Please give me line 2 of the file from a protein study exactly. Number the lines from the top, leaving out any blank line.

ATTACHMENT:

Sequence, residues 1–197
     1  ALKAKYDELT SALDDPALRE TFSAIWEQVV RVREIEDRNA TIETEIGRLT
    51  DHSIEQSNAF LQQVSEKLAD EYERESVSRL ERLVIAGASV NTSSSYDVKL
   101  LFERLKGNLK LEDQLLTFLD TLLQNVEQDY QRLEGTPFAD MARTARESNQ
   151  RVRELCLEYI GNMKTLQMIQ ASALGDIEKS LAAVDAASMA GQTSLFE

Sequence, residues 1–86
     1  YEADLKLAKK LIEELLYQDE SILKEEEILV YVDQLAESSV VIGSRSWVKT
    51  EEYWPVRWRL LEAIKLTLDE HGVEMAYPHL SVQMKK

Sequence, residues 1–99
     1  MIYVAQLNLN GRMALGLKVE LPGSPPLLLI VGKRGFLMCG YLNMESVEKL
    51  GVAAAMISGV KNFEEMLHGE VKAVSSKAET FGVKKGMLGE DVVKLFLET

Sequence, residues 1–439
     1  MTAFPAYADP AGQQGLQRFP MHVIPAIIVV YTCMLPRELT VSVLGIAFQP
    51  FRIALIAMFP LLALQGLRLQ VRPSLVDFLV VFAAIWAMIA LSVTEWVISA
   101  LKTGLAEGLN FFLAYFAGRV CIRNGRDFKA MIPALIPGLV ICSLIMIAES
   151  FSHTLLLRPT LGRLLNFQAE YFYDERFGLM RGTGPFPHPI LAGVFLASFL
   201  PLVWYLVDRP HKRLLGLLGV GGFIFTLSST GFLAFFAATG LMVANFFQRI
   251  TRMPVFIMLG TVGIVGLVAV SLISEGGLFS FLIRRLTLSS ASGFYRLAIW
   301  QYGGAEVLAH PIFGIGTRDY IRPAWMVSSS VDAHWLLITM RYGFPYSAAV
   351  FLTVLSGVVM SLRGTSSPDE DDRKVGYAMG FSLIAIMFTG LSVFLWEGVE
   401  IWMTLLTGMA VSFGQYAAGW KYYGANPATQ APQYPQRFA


     1  ALKAKYDELT SALDDPALRE TFSAIWEQVV RVREIEDRNA TIETEIGRLT